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Connie Chung of Expedia says travel and booking travel will continue to evolve as technology advances. (Photo courtesy of Connie Chung)

Connie Chung loves tech and she loves travel. And in 11 years at Expedia Group, the Bellevue, Wash.-based travel technology company, she’s gotten to combine both.

Chung, our latest Geek of the Week, is a senior director of product at Egencia, the business travel brand within Expedia.

A native Seattleite, Chung caught the tech bug from her dad, a “super geek,” as she calls him, who owned a computer store back in the 1980s and ’90s — before you could buy a computer online.

“As a child, I helped assemble hundreds of computers in his shop for fun,” Chung said. “He’s a big reason why I got an engineering degree from the University of Virginia (go Hoos!).”

At Egencia, Chung is attempting to seize on the ample opportunity to innovate in the travel space.

“Travel and booking travel will continue to evolve as technology advances,” she said. “A simple example of how we are making it easier for our customers to book travel is by using machine learning to provide personalized search results. We want to make your top search results the most relevant for you, so you don’t have to spend extra time filtering, sorting, and researching.”

And if she dropped everything and searched for her own vacation to celebrate being Geek of the Week?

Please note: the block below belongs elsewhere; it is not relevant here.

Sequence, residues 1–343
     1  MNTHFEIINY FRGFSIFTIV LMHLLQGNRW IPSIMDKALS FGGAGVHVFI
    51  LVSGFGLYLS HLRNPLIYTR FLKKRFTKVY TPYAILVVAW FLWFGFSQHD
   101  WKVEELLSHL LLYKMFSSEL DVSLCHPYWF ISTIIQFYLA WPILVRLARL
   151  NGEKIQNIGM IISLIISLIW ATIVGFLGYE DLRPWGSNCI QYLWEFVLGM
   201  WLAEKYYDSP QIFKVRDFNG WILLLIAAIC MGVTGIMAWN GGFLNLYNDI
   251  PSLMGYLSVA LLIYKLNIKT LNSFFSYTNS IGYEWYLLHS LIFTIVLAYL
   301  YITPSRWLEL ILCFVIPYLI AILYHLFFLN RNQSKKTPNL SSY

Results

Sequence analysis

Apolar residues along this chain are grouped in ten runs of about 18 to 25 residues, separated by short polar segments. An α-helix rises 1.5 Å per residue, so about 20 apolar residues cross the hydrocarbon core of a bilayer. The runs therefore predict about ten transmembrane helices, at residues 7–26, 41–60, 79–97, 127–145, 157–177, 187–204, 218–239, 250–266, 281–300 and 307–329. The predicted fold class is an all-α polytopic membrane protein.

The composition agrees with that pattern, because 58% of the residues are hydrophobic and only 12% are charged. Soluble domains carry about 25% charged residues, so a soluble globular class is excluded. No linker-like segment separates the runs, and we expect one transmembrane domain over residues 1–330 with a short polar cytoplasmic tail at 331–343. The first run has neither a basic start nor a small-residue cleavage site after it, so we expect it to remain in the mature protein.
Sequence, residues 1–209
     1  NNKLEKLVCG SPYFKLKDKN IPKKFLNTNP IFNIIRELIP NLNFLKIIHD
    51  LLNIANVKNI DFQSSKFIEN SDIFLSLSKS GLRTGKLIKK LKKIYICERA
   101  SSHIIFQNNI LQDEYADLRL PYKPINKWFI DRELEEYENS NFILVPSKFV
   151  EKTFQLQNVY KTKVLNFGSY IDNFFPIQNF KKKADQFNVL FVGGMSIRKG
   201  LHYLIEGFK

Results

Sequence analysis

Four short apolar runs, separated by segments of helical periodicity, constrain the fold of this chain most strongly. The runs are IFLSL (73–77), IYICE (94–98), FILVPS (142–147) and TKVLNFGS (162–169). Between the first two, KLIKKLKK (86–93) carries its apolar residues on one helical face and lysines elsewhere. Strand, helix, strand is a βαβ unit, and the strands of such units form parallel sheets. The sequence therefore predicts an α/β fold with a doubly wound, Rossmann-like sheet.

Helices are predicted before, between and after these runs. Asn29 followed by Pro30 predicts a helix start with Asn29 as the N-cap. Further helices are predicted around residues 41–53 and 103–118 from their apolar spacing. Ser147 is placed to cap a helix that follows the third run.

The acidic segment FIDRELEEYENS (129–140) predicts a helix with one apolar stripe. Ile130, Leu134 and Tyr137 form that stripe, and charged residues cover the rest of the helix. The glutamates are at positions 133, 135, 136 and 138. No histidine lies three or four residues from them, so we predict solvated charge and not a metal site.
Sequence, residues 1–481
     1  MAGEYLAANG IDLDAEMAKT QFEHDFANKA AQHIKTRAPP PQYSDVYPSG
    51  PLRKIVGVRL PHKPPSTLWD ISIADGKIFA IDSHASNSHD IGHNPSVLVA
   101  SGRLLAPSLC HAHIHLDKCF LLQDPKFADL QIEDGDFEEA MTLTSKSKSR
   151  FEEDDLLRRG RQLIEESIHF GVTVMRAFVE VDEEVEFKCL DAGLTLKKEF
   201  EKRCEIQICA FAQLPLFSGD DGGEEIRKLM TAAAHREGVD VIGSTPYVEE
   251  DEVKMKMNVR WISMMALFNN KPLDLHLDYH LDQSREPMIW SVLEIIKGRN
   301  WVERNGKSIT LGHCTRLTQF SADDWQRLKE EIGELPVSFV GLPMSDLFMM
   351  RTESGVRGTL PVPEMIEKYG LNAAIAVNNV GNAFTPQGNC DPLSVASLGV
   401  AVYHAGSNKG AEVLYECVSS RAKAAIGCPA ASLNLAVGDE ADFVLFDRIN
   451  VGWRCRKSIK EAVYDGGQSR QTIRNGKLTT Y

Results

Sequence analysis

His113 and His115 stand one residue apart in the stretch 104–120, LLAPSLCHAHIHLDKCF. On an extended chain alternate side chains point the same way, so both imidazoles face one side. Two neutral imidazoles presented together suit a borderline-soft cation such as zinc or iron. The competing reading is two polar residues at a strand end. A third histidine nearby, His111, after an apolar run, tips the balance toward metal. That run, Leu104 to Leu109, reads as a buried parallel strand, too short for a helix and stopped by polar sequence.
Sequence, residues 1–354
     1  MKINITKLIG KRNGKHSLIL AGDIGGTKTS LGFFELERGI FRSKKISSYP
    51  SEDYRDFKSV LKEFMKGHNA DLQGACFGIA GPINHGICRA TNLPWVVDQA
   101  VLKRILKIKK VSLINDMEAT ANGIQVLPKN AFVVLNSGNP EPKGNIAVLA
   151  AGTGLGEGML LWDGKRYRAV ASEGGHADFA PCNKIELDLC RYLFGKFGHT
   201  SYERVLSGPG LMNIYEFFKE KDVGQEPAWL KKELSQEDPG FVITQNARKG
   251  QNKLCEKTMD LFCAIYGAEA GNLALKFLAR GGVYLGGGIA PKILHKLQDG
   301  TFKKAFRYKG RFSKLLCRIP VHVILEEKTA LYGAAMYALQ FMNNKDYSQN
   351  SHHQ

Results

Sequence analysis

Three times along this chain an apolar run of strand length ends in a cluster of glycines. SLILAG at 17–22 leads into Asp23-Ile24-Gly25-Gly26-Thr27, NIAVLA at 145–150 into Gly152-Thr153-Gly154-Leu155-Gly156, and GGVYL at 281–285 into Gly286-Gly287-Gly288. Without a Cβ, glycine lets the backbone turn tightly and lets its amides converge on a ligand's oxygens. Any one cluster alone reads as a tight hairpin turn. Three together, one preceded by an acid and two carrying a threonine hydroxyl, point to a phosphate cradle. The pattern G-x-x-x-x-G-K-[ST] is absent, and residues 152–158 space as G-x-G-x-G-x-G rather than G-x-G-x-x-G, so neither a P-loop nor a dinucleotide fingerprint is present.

“I would love an excuse to take a ‘business trip’ somewhere warm and beachy, like the Greek islands!” Chung said.

Learn more about this week’s Geek of the Week, Connie Chung:

What do you do, and why do you do it? I am a Senior Director of Product at Egencia, the business travel brand within Expedia Group. My job is to deliver the best product to save companies money and keep business travelers happy. Booking a work trip should be as easy as booking travel for your personal vacation. My responsibilities include our business intelligence and data products, along with customer service products. I love solving large, complex problems and feel energized when I can break down large problems into smaller, manageable actions. I often see people freeze when a problem seems too overwhelming. I encourage my team to have a bias for action and to just start moving. Sometimes you may make a wrong decision, but that’s OK. You can learn from those mistakes and pivot quickly.

What’s the single most important thing people should know about your field? A wide range of stakeholders present solutions to product managers, and we have to know how to ask the right questions, and steer the conversation towards determining the problem to solve for the customer. Once you’ve defined the actual problem that you want to solve, you often end up with an entirely different solution. The best product managers are able to combine strong technical skills and business savvy, with strategic vision and a heavy dose of emotional intelligence.

Where do you find your inspiration? Nature, for sure. Being a Seattle native means I find inspiration and peace on a hike, or any time I am out on the water. That’s when I get a reminder of how small I am, relative to time and space. It inspires me to reset my perspective.

What’s the one piece of technology you couldn’t live without, and why? I couldn’t live without a washer and dryer. It would be someone’s full-time job to do laundry in our house if it weren’t for those machines.